on the window

Martha Magenta
England, UK

 

office window
the red sky in puddles

martin gottlieb cohen

 

night rain…
in the motel office window
the Laughing Buddha

Matthew Markworth
Mason, OH, USA

 

office window
across the courtyard our boss
with binoculars

Michael Henry Lee

 

office window –
wondering which side
the fly is on

Michael H. Lester
Los Angeles CA USA

 

retirement…
vista from office window
expands

nancy brady
huron, ohio, usa

 

end of a hard day’s work
I meet myself
in the windowpane

Olivier Schopfer
Geneva, Switzerland

 

the blues
melancholic cumulus
through office windows

pamela a. babusci
rochester, ny  usa

 

by the office window
my coffee break
with sunset

pat davis
pembroke, nh

 

office window –
Sydney Harbour sparkles
through the dirt

Pauline O’Carolan
Sydney, Australia

 

dreaming
outside the box
office window

Peggy Hale Bilbro
Alabama, USA

 

office windows
all the lives
we could have led

Peter Jastermsky

 

airing the office
a draught rearranges
my desk

Polona Oblak
Ljubljana, Slovenia

 

boss in a bad mood
outside the window
gathering clouds

Rachel Sutcliffe

 

office window
my rainbow flag waves
at my son

Roberta Beary
County Mayo, Ireland

 

sunset rainbows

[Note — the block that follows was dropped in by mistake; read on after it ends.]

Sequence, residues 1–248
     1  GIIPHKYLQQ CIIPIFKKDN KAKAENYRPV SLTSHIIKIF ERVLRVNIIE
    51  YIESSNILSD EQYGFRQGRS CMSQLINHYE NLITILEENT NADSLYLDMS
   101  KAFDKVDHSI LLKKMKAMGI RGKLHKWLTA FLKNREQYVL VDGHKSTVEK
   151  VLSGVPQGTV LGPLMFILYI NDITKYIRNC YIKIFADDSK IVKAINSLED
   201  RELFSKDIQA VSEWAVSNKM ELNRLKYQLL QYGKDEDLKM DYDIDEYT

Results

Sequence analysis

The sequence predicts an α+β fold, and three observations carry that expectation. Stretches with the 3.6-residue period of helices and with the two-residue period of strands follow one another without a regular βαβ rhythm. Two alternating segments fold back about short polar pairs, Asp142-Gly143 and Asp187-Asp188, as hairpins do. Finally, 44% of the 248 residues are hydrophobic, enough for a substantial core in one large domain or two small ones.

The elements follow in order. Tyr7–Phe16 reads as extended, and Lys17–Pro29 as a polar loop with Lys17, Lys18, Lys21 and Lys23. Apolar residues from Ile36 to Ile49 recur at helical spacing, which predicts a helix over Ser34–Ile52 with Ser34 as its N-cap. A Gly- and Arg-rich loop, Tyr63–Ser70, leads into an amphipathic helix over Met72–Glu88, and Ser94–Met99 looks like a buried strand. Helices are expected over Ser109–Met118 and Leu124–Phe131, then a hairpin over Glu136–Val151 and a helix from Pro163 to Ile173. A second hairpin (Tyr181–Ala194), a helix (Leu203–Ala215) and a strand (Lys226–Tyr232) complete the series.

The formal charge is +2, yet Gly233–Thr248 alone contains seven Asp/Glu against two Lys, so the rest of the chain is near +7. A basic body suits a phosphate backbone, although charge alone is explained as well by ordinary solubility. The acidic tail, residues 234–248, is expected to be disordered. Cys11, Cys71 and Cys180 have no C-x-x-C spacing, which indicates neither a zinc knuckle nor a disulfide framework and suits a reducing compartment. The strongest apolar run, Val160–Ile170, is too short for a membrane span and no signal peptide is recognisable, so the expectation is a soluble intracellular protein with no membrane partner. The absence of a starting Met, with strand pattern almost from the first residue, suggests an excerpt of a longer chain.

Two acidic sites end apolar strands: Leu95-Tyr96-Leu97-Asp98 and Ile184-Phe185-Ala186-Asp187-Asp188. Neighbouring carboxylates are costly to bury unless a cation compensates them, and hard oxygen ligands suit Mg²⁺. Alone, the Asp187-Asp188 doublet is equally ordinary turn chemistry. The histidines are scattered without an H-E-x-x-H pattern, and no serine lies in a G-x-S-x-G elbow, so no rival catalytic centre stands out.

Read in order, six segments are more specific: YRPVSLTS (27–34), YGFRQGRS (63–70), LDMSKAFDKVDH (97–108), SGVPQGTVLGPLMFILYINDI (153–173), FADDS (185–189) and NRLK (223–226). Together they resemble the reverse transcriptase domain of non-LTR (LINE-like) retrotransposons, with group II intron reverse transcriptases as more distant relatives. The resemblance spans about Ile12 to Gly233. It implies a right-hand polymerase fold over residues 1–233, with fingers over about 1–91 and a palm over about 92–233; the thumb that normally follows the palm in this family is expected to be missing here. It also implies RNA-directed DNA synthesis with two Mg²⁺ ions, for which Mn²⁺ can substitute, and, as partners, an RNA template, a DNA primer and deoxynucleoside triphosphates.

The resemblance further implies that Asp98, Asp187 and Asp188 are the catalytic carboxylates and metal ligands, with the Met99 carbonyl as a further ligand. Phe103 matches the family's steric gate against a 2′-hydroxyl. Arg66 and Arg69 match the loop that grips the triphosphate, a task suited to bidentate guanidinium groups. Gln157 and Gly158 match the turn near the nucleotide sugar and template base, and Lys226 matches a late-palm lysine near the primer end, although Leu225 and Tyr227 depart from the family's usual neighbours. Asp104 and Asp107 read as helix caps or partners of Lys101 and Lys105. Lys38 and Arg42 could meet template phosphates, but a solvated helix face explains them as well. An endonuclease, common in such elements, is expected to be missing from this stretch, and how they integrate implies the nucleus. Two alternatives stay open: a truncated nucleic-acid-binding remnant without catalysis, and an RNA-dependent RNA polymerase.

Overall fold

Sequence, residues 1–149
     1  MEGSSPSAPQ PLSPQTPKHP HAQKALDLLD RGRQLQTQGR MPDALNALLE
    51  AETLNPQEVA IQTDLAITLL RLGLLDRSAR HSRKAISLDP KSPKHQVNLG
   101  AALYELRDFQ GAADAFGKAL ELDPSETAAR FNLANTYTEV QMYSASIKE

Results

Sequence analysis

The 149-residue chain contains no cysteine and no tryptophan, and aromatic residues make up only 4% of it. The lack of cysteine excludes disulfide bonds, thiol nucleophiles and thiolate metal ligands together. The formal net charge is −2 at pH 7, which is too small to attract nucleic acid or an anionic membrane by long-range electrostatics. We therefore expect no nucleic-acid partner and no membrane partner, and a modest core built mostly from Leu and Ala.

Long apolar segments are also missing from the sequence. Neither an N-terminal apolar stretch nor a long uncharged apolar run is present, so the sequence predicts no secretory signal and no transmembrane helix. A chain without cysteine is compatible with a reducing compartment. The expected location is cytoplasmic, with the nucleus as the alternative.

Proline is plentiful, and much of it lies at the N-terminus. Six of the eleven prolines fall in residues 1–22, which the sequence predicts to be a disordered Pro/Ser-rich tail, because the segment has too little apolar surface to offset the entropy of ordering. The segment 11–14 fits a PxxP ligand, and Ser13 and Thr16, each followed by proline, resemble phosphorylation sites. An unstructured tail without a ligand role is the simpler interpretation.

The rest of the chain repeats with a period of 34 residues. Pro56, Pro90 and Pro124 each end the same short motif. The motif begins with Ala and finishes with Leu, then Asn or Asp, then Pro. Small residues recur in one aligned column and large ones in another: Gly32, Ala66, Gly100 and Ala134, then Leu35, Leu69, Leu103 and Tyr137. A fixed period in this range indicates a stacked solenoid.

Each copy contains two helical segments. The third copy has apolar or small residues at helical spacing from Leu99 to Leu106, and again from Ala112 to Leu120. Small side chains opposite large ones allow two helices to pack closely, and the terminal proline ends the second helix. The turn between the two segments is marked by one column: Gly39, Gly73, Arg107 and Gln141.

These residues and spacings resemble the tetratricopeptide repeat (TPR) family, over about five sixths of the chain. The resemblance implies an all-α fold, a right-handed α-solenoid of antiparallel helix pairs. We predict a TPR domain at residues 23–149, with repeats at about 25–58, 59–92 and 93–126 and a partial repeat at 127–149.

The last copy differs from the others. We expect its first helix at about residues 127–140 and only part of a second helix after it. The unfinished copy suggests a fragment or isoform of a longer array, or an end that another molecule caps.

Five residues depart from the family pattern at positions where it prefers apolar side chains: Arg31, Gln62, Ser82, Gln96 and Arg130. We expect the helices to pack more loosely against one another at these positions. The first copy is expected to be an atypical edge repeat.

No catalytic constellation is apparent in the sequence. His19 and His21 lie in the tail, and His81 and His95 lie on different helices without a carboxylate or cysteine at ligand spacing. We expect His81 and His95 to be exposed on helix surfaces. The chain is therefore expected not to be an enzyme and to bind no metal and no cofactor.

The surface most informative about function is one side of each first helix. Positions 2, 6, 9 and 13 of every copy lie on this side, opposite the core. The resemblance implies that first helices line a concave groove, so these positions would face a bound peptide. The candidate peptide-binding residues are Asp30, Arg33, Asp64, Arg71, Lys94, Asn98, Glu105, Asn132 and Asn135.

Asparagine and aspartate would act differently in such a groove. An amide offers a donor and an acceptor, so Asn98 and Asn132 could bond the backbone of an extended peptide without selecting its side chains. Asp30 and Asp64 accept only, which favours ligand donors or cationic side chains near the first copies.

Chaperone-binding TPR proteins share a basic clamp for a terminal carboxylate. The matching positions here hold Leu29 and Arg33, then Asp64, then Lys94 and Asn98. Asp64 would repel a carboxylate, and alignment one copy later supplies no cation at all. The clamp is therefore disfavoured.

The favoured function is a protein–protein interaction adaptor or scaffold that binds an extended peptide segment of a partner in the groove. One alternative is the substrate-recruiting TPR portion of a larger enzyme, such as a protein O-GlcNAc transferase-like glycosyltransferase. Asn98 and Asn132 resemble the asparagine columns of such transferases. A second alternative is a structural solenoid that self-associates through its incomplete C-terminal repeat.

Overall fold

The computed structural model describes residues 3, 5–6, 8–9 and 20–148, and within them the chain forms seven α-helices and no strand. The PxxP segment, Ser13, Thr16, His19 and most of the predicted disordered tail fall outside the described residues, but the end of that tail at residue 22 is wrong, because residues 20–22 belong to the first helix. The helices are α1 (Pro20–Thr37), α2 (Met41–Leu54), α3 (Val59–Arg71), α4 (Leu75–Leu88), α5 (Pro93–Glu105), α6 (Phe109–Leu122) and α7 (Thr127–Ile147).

computers screens glow
in office windows

Ron C. Moss
Tasmania, Australia

 

office window
above the tree line
sparrowhawk’s shadow falls

Ron Scully

 

my reflection
stuck here
office window

Ronald K. Craig
Batavia, OH  USA

 

divorce lawyer’s office window –
weeping willows
in the courtyard

Sari Grandstaff
Saugerties, NY, USA

 

sunny day
officer’s tie is hanging
on the handle of the window

Serhiy Shpychenko
Kyiv, Ukraine

 

running backwards
the office clock
in the window

Simon Hanson

 

from my drawing-board the evening rush of crows

simonj
UK

 

office window
open just enough
the birdsong comes and goes

Stephen A. Peters

 

plans for the future
looking out the office window…
autumn leaves

Tomislav Maretic

 

the carnival –
her office window
wide open

Tsanka Shishkova

 

office window
a graffiti outside says
chase your dreams

Vandana Parashar